[Note: First paragraph, no abstract available.] Computers have many potential practical uses for mental health professionals, yet their acceptance and use has lagged behind that found in business and the natural sciences. Perhaps this is because the average professional is not aware of how computers can be of value to his or her practice. Based on a tristate symposium sponsored by the Department of Psychiatry at Albert Einstein College of Medicine of Yeshiva University, the present work is an excellent survey of the many real and potential applications computers can have in the mental health professions.
Requests for reprints should be sent to Anton F. Kootte, M.S.W., University Medical Center, Social Services Department, 655 W. 8th Street, Jacksonville, Florida 32209.
Artificial Intelligence and Learning Environments
William J. Clancy and Elliot Soloway (Editors). Cambridge, Massachusetts: The MIT Press, 1990
Reviewed by William E. Roweton, Chadron State College
The Journal of Mind and Behavior , Spring 1991, Vol. 12, No. 2, Pages 313-316, ISSN 0271-0137
[Note: First paragraph, no abstract available.] This special issue of Artificial Intelligence: An International Journal contains four conceptually and technically entangled essays on intelligent tutoring. The value in these articles, the reader should be warned, is revealed painstakingly. Turn off the TV and put the young’ns to bed. Summon your wits before you engage these pioneers from Carnegie-Mellon, USC, the University of Michigan, Cambridge, Massachusetts, and Palo Alto, California.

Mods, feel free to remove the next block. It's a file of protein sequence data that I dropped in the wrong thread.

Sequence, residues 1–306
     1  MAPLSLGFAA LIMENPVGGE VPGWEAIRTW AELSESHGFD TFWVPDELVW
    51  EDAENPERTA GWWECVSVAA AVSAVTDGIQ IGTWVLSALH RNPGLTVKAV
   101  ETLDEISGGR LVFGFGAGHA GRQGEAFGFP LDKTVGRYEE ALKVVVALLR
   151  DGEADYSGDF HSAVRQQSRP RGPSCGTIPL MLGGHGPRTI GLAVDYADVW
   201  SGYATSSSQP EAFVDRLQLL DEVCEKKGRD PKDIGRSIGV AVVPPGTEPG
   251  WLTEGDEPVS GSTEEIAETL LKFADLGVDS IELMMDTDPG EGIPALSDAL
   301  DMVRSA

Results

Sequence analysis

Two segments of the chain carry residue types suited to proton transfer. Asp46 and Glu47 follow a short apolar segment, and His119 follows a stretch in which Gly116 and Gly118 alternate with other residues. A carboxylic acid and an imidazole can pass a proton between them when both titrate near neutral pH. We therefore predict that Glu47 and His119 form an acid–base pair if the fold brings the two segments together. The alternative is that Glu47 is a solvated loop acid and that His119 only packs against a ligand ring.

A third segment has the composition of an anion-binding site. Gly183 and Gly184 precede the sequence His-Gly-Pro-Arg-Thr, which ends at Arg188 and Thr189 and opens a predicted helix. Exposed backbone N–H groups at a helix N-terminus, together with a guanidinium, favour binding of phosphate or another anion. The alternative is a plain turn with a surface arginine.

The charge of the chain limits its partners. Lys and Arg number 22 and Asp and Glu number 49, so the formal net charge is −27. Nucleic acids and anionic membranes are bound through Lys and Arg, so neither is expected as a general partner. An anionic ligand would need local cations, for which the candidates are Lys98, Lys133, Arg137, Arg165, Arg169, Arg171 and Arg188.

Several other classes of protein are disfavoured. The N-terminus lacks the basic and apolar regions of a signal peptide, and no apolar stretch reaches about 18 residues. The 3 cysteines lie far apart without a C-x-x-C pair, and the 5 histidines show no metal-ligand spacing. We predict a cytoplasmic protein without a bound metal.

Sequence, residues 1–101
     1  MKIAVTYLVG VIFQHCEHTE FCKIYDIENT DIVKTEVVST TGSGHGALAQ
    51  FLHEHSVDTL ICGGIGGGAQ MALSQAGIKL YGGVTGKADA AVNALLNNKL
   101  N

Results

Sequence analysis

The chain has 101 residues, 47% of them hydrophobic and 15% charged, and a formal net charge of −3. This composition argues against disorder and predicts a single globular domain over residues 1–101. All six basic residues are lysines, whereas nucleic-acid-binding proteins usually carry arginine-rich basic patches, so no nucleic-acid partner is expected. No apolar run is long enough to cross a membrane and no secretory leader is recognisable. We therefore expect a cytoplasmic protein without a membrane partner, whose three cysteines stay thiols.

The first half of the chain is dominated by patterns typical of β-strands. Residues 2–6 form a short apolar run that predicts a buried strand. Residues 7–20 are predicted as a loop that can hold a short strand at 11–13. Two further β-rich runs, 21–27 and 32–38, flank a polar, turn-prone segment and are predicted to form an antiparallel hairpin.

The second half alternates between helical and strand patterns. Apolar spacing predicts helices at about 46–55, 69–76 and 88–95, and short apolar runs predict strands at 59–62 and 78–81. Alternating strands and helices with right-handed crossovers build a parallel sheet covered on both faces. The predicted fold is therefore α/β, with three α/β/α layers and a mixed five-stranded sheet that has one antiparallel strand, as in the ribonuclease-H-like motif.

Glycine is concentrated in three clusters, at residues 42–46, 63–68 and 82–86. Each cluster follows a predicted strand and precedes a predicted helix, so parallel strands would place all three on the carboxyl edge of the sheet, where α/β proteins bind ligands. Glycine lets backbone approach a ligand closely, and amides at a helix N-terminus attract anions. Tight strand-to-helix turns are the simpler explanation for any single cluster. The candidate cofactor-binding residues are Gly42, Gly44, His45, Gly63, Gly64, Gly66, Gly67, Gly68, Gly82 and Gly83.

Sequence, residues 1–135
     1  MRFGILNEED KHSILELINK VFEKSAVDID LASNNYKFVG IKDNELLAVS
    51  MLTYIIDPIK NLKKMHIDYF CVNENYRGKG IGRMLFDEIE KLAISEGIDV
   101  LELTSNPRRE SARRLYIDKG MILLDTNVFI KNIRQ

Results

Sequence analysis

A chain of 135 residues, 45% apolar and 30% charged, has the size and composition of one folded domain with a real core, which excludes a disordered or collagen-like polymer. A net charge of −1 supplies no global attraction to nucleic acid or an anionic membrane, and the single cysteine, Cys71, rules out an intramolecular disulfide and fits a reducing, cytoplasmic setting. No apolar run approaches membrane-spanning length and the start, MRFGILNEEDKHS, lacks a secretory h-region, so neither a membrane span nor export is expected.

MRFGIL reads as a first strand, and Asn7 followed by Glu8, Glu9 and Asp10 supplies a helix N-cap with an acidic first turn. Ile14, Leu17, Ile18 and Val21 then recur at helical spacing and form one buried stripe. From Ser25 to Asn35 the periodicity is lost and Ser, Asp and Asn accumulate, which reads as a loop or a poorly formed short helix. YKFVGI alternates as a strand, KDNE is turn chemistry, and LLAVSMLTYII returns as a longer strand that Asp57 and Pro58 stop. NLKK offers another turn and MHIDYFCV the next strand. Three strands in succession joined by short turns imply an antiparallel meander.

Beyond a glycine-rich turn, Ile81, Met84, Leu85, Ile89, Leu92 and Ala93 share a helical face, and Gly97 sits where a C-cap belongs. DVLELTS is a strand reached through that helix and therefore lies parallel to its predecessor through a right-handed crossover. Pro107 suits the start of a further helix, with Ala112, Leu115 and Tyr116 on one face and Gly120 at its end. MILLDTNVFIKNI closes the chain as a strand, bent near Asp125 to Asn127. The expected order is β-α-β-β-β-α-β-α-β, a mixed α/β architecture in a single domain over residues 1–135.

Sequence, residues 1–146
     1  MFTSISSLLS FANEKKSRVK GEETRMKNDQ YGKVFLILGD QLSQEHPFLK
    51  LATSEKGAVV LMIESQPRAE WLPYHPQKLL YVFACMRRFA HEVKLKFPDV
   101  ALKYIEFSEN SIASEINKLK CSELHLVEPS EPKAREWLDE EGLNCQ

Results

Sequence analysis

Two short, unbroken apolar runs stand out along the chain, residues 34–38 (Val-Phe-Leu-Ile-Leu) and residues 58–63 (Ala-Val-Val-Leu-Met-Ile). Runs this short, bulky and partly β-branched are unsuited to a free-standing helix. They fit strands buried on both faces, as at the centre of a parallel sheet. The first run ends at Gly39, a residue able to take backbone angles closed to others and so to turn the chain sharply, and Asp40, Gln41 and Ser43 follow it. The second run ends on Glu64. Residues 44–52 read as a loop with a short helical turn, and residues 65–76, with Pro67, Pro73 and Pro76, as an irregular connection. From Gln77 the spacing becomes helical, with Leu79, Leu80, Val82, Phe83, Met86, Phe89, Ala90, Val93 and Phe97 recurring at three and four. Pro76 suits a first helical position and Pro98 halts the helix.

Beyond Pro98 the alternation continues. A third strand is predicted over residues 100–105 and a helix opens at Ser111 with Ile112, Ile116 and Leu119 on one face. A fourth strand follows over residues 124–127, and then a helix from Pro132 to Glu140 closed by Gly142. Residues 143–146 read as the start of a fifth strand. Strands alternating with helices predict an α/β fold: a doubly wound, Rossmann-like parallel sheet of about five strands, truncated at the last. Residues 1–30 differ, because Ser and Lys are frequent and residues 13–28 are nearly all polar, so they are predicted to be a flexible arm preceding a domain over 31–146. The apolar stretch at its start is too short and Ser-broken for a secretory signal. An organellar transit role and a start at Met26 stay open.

Requests for reprints should be sent to William E. Roweton, Ph.D., Department of Psychology, Chadron State College, Chadron, Nebraska 69337.
The Paradoxica Self
Book Author: Kirk J. Schneider. New York and London: Plenum Press, 1990
Reviewed by Robert H. Kuehnel, University of Pennsylvania
The Journal of Mind and Behavior , Spring 1991, Vol. 12, No. 2, Pages 317-320, ISSN 0271-0137
[Note: First paragraph, no abstract available.] Before commenting on the potential usefulness of this book, some speculation as to its prospective audience may be in order. One testimonial on the back dust cover asserts that “this book will be equally relevant for the lay person, as for therapists of different theoretical persuasions.” However, the fact that the final chapter is entitled “Toward a Paradox-Based Therapy and a Therapeutic Rappoachment” further suggests that this work is primarily directed toward therapists. Notwithstanding a longstanding and deep respect for the positions of many existential writers, I am nevertheless a therapist of a different theoretical persuasion, and my comments should be taken with that fact in mind.
Requests for reprints should be sent to Robert H. Kuehnel, Ph.D., Center for Cognitive Therapy, University of Pennsylvania, Room 602, 133 South 36th Street, Philadelphia, Pennsylvania 19104.